The How and Why of Practice Games
Pulling out a game is a great way to make a repetitive task more enjoyable! You can use them for any technique your child must repeat many times - a practice spot, a correct bow hold, good finger placement, et cetera. Whenever your child needs a little extra motivational push is the perfect time to bring a game into practice.
Why use games at all? They’re certainly not a requirement, and you may not need a game every practice, but especially for beginning students there are a few marked benefits. The first is that games can bring fun into a practice session where your child is struggling to focus, or struggling with the difficulties of their instrument. Practice can at times become tedious, and a game will help your child work through that feeling. The other big benefit to using a game is that it ensures a more complete repetition, including postural set up. Some children will try to rush through repetitions, playing quickly and without focus. This is less beneficial, as they aren’t thinking through the new technique completely each time they play it. Games can force children to slow down and internalize new techniques more completely, so that each repetition leads them to a bigger improvement!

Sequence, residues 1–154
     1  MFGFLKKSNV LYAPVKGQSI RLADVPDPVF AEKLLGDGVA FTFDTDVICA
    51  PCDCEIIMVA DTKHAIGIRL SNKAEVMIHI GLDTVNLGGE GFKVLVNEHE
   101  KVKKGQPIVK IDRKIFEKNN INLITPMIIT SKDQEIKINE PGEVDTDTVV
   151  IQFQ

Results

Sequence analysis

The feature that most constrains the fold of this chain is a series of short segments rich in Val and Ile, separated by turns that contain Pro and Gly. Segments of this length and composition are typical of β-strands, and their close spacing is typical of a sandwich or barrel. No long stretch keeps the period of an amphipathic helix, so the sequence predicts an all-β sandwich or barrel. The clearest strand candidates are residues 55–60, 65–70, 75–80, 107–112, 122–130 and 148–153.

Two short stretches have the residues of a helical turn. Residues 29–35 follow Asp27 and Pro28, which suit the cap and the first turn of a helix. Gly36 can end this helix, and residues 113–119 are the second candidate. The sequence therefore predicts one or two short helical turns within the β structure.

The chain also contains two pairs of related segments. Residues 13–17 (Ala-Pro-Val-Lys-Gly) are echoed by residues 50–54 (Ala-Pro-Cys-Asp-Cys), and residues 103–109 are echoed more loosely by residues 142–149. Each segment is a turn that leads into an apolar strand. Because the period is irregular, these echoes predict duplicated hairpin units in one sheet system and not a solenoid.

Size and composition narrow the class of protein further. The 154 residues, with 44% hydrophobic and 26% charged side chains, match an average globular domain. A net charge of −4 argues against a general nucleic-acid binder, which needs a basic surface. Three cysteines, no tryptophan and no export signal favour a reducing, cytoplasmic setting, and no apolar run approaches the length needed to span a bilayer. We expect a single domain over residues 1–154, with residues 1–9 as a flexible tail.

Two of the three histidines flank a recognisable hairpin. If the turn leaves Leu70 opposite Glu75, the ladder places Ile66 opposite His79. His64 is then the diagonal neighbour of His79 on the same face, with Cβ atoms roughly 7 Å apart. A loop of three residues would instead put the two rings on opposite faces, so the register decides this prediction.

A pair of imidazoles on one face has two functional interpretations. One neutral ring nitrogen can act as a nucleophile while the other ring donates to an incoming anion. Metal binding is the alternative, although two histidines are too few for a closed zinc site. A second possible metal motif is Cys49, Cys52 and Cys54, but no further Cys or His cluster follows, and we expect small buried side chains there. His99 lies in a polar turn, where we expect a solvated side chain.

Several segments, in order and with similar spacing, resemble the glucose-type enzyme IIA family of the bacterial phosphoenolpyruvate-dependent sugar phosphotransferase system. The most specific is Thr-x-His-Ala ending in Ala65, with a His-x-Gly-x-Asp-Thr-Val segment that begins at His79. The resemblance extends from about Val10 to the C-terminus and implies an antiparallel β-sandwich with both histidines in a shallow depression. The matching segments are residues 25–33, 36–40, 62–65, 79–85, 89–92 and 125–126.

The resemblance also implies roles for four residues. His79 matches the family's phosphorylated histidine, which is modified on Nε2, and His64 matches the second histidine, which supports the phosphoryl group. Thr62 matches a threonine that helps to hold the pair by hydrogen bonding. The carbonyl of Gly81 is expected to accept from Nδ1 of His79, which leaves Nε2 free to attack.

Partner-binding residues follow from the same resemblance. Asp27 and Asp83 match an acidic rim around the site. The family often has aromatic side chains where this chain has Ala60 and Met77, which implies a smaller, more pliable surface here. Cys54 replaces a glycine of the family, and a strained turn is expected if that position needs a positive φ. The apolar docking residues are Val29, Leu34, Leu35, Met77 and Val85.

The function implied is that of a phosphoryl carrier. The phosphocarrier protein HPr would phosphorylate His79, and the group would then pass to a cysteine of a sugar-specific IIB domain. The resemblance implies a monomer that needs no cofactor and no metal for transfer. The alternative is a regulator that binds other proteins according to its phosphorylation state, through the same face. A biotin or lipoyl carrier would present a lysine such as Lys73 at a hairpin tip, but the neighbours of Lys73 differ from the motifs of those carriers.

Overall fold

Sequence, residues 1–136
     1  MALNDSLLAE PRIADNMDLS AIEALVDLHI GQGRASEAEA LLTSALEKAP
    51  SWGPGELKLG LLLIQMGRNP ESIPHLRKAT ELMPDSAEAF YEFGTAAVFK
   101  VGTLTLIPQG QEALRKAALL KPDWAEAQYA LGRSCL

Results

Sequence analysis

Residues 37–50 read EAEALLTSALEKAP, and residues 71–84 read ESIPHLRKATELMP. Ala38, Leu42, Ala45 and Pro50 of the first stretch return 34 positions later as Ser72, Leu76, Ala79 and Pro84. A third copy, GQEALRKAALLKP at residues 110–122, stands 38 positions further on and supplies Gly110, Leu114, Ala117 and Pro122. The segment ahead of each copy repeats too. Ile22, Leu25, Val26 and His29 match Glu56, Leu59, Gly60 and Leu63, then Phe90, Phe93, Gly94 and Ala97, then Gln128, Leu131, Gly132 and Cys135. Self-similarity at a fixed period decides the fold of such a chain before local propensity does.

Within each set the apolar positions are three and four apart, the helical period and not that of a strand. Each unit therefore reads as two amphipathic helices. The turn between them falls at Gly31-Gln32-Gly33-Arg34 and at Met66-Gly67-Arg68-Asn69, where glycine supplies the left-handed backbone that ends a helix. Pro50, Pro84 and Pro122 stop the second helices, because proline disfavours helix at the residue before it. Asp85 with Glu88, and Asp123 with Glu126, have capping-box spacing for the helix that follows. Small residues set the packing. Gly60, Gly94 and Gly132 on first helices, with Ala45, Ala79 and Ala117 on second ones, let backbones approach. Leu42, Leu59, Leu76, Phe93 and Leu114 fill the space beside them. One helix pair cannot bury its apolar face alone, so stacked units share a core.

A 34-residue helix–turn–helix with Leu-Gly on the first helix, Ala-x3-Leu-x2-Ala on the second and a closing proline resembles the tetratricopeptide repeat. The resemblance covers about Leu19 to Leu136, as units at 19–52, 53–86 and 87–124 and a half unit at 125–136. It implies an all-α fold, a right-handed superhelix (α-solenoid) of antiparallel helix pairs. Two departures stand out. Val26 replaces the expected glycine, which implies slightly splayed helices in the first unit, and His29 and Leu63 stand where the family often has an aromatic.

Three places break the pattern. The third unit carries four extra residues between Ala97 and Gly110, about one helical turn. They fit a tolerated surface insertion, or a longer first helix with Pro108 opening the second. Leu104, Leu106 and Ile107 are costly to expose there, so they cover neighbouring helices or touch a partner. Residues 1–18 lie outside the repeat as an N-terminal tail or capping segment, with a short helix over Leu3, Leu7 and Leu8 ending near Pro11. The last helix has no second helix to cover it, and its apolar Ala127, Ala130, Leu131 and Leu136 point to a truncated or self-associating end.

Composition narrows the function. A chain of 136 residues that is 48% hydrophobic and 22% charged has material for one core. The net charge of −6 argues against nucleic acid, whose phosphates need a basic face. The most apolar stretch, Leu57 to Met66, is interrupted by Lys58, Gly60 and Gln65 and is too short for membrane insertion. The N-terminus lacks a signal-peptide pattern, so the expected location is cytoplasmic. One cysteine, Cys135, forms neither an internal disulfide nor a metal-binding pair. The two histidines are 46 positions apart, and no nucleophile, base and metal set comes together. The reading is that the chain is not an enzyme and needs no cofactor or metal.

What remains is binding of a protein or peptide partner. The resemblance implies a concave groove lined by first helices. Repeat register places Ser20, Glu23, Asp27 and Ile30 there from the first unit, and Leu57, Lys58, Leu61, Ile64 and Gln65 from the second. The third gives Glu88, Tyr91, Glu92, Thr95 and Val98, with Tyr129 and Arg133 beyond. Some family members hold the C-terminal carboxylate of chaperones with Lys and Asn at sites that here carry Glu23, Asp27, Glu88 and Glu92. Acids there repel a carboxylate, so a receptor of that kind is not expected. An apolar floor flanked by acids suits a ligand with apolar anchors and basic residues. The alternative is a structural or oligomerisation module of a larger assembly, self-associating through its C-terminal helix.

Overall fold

What makes a good practice game? There are a few important considerations. First, pick a game that’s easy to set up, both to save time and to help your child stay focused. If your child must sit and wait during a lengthy set up, their mind may begin to wander. Games that don’t take a lot of room are also ideal for places with limited space. Another consideration is how long each turn will take - you don’t want to end up spending half the practice on complex moves, so games like Connect 4 or Tic Tac Toe are better than Monopoly or Scrabble. Other fun simple games are matching games like Memory or Spot It, or spacial games like Jenga or Cat Stacks. That being said, some children may dawdle with even the quickest games, while others can manage longer or more complex games. Whatever game you choose, there is one requirement that must always be met - that your child enjoys it!